In addition, both the copper alloy and aluminum alloy form a low-melting-point-material in the boundaries between the copper-alloy melted structure (a) and the aluminum-alloy unmelted structure (d) or between the aluminum-alloy melted structure (c) and the copper-alloy unmelted structure (b). As a result, both alloys may be melted together but only to a slight degree. Therefore, such boundary structure are not included in the main structure of the present invention. The main structure of the molten powder is classified into (a), (b), (c) and (d).

From the above descriptions, the combinations of the structure of the copper-aluminum composite material according to the present invention are:
(a)+(d) A.
(a)+(b)+(d) B.
(b)+(c) C.
(b)+(c)+(d) D.
(a)+(b)+(c) E.
(a)+(b)+(c)+(d) F.
(a)+(c)+(d) G.

In the composite materials (B, C, D, E, F) having the unmelted Cu-alloy structure, the fine Pb phase in the atomized powder remains in the flame-sprayed layer and contributes to the enhancement of sliding properties. In the melted Cu—Pb alloy powder (A, B, E, F, G), Cu and Pb melt and then solidify. During the melting and solidification, the Pb phase coarsens, and a reaction between the melted Cu and the Al—Si alloy powder takes place. Due to this reaction, the composite material having the Al—Si alloy structure is bonded. In most cases, the surface of the last-mentioned powder is melted during the surface reaction (F, G). In the composite materials (C. D, E, F, G) having the melted Al-alloy structure, the dispersed Si particles are nodular, that is, they have almost the same size in any direction, such as spheroidal, granular, polygonal shape or an indefinite shape classified in none of the former shapes. In these composite materials, no such particle shape having a long directional property in one direction is found, that is, neither the primary Si of the conventional melted alloy nor the Si particles of the rolled alloy are found. Although the primary Si and the eutectic Si are clearly distinguished from one another in the conventional melted alloy, such distinction is difficult in the case of the present invention. In addition, a reaction between the melted Al—Si alloy powder and the Cu—Pb alloy powder takes place, and hence the bonding of the latter powder takes place.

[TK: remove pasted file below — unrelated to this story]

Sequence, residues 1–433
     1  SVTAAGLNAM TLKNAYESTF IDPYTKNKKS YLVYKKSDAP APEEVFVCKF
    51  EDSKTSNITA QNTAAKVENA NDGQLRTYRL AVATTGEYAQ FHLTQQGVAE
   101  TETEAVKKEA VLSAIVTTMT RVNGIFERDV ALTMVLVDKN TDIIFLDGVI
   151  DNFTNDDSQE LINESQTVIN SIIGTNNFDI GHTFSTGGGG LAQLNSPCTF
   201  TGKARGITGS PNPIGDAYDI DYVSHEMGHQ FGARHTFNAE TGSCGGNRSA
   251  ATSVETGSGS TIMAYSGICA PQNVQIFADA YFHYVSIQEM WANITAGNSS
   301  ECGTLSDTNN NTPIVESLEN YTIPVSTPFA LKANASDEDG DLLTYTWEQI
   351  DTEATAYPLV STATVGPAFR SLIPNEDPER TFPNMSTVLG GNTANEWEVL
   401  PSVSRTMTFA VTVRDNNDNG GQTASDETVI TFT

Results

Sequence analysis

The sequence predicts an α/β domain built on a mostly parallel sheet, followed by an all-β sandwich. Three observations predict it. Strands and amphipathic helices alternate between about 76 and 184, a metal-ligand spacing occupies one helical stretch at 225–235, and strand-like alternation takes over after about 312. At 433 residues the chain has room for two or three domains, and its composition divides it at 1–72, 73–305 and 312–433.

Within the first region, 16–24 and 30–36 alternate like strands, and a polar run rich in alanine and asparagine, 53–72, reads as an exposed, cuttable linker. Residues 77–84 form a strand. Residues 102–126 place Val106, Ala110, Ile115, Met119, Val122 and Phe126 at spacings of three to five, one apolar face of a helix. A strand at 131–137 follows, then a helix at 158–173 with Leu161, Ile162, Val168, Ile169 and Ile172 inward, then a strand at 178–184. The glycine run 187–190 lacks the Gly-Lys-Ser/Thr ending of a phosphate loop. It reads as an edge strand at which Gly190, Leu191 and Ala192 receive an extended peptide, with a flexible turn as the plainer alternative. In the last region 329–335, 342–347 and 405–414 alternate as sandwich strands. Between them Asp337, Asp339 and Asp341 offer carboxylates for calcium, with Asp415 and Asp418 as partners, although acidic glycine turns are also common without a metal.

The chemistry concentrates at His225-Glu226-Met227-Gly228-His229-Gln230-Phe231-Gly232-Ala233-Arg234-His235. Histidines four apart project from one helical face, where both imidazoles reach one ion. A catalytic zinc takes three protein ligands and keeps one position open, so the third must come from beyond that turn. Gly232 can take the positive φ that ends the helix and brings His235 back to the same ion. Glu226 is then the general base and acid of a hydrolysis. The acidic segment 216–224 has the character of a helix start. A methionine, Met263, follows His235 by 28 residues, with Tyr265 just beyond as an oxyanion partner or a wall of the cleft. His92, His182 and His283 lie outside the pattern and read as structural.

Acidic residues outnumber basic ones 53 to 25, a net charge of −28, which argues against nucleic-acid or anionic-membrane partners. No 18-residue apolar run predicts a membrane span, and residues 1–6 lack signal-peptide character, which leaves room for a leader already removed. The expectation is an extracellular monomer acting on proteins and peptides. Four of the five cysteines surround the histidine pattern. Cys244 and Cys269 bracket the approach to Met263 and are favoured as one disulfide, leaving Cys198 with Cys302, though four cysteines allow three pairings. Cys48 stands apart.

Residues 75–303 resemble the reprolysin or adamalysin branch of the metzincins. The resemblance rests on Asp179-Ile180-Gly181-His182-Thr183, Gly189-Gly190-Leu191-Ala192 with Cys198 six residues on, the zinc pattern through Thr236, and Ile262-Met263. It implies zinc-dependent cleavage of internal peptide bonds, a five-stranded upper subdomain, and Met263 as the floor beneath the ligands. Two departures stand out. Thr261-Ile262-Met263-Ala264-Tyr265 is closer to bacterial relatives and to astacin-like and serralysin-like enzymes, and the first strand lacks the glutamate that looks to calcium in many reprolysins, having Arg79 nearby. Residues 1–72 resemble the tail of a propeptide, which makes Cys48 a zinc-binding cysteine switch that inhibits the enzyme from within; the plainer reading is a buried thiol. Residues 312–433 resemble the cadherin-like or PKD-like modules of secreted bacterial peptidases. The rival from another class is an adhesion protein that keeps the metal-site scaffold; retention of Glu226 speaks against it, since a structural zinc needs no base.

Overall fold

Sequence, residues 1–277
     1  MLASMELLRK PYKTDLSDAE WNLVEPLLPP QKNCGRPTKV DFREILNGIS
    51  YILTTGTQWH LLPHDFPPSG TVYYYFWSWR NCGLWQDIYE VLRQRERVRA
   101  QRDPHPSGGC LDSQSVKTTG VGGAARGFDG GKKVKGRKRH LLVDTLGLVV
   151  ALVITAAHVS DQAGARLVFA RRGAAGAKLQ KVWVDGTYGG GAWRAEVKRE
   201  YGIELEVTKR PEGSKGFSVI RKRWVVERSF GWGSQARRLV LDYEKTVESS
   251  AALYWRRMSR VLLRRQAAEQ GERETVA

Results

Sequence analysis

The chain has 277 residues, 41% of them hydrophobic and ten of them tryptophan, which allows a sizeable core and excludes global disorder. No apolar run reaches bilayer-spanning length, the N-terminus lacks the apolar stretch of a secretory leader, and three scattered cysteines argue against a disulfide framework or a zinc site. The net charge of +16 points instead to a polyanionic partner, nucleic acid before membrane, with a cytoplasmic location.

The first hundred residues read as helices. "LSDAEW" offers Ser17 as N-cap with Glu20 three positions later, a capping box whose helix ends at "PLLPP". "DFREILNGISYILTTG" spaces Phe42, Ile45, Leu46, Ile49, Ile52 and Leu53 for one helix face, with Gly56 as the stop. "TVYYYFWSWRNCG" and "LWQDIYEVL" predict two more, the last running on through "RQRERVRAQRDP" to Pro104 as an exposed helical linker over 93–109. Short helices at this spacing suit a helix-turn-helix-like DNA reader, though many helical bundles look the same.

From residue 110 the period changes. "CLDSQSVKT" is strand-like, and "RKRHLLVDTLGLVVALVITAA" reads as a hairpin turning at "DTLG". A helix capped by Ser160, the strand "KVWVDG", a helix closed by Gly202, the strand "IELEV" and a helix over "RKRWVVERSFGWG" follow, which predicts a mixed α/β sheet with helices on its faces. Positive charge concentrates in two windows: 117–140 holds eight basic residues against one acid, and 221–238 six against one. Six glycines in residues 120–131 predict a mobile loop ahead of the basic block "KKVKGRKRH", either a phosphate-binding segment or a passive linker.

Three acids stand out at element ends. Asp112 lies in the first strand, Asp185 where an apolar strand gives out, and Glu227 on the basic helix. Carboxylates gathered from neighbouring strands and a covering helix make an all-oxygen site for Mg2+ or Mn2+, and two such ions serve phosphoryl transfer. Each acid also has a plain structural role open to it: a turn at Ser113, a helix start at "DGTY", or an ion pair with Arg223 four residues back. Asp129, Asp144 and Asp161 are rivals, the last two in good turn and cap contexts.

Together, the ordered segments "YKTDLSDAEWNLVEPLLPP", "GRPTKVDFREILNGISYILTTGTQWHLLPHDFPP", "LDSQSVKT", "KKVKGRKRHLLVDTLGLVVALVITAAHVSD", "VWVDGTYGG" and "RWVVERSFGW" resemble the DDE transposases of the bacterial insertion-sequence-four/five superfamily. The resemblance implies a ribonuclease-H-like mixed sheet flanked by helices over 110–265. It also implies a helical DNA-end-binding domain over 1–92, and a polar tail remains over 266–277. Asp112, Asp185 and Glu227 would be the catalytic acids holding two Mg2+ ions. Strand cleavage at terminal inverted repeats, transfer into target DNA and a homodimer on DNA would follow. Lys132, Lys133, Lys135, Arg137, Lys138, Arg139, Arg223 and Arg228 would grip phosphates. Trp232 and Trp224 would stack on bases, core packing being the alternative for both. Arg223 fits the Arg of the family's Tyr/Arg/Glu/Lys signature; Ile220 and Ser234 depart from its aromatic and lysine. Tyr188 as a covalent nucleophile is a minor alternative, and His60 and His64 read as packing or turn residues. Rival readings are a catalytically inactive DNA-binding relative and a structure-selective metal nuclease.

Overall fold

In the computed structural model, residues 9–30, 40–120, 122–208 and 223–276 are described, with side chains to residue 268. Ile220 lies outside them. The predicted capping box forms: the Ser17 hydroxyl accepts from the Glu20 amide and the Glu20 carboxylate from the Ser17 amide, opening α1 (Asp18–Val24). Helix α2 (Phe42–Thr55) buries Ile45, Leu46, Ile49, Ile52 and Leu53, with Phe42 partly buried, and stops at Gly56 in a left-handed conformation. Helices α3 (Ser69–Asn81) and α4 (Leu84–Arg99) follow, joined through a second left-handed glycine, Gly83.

(H) Properties of Composite Material